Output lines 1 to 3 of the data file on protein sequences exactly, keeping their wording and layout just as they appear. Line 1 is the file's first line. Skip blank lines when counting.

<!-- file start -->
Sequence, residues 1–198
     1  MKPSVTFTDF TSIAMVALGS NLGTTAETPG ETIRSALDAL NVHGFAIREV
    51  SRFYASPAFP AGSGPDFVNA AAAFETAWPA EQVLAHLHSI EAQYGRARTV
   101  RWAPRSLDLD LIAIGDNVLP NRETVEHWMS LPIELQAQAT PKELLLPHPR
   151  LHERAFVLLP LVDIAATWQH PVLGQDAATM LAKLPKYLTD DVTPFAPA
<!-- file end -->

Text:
Sequence, residues 1–198
     1  MKPSVTFTDF TSIAMVALGS NLGTTAETPG ETIRSALDAL NVHGFAIREV
    51  SRFYASPAFP AGSGPDFVNA AAAFETAWPA EQVLAHLHSI EAQYGRARTV